Search engines sold separately from the text generally range in price from $0 (shareware) to $1000, with the more common ones generally in the $100-300 price range. There are over 100 commercially available search engines. Search engines are still rudimentary, but are steadily being improved.
As of January of 1994 there were in excess of 250 CD-Rom titles containing legal materials, other than compilations of state statutes and case laws. The titles had over 30 different proprietary search engines bundled within them. There has been, and will probably continue to be, a rapid explosion in the number of titles available.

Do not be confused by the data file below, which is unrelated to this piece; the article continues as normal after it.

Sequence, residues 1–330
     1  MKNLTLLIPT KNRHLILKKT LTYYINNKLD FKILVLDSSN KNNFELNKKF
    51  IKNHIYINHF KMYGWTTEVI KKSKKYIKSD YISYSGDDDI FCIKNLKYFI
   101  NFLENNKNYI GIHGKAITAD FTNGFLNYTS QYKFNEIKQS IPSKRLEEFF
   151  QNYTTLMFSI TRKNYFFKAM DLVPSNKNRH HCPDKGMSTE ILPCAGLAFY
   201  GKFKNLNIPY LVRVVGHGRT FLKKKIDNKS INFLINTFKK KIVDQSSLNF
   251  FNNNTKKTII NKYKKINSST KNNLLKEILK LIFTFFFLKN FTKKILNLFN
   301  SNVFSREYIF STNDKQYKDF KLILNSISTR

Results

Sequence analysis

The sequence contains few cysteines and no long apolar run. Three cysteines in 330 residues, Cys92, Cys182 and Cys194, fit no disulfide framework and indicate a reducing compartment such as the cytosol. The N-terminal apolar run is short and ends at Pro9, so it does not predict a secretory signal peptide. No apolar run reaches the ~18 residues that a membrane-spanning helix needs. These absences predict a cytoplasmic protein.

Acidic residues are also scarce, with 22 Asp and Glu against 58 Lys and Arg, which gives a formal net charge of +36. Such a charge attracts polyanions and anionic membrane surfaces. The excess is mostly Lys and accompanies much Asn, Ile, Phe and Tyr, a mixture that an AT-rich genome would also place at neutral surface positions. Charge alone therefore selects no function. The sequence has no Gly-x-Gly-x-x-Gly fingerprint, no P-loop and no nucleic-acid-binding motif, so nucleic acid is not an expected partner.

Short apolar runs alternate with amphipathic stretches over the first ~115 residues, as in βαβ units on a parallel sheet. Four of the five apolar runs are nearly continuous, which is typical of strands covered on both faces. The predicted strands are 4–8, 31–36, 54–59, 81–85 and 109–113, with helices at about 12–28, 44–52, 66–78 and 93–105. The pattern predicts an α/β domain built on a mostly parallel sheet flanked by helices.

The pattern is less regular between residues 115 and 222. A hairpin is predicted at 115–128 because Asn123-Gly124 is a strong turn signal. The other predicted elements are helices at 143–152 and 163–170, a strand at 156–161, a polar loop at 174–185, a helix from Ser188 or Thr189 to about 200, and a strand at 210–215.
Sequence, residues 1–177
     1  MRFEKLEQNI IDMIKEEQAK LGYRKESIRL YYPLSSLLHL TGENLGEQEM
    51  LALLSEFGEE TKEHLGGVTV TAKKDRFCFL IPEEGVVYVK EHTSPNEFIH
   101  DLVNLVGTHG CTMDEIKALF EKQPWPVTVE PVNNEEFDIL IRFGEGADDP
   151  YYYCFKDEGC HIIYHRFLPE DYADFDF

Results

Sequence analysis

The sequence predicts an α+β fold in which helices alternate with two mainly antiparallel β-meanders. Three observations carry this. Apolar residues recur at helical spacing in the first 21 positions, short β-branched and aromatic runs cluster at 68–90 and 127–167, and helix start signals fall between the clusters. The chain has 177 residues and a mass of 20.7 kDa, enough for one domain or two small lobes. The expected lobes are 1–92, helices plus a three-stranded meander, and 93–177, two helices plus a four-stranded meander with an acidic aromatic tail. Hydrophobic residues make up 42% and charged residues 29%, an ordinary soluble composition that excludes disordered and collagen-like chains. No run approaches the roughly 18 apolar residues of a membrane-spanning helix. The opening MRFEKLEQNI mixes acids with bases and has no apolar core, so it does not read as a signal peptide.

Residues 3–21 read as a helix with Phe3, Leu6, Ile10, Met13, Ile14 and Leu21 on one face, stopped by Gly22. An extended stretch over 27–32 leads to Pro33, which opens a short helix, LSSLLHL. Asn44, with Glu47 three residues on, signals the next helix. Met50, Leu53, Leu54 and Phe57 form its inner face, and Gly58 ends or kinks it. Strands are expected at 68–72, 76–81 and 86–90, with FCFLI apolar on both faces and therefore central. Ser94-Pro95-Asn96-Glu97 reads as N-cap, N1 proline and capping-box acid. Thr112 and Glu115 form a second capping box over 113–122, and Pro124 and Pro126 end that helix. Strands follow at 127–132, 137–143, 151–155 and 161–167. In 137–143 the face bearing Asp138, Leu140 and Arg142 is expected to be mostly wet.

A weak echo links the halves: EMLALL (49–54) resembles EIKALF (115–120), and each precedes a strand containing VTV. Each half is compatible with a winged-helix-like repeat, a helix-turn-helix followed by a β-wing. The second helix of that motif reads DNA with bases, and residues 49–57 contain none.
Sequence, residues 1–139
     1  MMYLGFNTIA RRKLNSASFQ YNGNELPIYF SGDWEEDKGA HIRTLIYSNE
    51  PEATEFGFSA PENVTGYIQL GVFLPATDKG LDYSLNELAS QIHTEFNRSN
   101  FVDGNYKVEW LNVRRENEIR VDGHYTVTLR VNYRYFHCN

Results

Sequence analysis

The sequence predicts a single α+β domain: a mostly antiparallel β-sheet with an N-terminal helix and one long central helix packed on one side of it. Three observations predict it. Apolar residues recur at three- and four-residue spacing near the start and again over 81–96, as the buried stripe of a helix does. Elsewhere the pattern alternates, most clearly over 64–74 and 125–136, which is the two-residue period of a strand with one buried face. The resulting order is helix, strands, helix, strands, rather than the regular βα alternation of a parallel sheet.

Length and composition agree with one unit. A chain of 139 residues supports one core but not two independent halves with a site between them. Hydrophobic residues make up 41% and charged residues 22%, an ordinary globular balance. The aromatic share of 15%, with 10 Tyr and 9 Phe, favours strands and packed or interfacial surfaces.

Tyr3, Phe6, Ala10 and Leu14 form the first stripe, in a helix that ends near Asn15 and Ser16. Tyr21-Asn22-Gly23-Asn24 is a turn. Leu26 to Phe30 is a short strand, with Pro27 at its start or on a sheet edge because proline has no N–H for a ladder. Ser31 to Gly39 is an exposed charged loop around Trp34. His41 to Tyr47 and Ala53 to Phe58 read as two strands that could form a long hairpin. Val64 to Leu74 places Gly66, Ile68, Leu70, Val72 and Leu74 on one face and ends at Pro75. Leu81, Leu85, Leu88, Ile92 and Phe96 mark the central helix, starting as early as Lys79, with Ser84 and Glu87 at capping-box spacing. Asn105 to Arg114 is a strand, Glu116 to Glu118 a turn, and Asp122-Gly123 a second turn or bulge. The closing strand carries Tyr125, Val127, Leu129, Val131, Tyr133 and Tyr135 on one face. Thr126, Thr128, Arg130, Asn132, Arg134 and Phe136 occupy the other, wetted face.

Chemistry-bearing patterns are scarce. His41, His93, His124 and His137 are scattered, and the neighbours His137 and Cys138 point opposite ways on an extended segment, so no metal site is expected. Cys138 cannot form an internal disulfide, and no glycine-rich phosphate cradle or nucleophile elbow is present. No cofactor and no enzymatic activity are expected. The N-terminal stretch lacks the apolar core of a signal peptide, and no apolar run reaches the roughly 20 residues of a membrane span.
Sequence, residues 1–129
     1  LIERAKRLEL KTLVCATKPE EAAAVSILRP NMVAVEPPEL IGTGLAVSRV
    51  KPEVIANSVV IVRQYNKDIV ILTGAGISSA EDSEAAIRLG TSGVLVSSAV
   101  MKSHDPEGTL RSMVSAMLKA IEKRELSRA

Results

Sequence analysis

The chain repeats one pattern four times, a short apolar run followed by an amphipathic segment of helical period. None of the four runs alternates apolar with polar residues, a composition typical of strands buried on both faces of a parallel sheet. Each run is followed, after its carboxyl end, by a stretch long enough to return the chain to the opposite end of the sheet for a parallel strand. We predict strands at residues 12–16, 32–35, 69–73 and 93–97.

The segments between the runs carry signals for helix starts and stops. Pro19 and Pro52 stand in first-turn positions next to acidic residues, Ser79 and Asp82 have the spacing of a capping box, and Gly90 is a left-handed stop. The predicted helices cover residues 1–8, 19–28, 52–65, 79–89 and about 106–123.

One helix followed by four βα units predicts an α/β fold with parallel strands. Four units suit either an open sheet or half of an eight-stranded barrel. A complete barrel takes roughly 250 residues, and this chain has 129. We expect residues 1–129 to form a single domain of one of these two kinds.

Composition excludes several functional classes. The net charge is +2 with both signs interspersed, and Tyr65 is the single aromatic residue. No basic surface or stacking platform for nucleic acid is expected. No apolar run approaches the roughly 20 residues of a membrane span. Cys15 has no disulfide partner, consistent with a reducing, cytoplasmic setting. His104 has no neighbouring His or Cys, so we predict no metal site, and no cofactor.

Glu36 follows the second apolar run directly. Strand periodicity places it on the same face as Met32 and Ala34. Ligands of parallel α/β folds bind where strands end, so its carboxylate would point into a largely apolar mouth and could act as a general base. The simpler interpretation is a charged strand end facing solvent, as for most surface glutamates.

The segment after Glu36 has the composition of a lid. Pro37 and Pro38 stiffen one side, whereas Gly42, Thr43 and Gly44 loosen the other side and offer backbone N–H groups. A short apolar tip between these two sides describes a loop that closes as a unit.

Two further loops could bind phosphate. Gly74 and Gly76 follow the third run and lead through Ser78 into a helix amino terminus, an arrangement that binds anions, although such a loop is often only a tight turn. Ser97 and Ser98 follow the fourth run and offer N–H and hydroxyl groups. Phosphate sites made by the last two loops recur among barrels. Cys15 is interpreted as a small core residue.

Cases on CD-Rom
Nominally, because case law is public domain material, and because CD-Roms are inexpensive to
produce, case law on CD-Rom should be inexpensive. Currently two major legal
publishers, West Publishing Company and Michie's,
offer CD-Rom compilations of
The commercially available compilations from the large legal publishers are priced at approximately the same general level as printed versions of the case law (in the $1500 to $2300 range). The compilations include proprietary search engines and licenses which prohibit detaching the case law itself from the search engine.
In researching the issue, it gradually became clear to the Committee that a principal impediment to the provision of inexpensive case law materials was the current citation system. The current citation system is based on the page numbers of particular private published editions of case law. This has these effects: